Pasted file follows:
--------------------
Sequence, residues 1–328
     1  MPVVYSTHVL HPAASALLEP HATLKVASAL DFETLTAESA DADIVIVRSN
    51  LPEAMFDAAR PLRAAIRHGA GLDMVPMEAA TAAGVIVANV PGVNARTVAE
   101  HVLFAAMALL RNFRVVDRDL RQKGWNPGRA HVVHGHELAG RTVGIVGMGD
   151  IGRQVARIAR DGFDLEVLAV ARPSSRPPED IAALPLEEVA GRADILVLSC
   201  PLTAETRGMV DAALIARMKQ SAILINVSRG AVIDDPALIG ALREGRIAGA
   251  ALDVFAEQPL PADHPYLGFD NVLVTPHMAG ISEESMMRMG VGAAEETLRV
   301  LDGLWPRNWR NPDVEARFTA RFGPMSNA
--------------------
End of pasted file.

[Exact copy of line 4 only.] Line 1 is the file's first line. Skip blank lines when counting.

   101  HVLFAAMALL RNFRVVDRDL RQKGWNPGRA HVVHGHELAG RTVGIVGMGD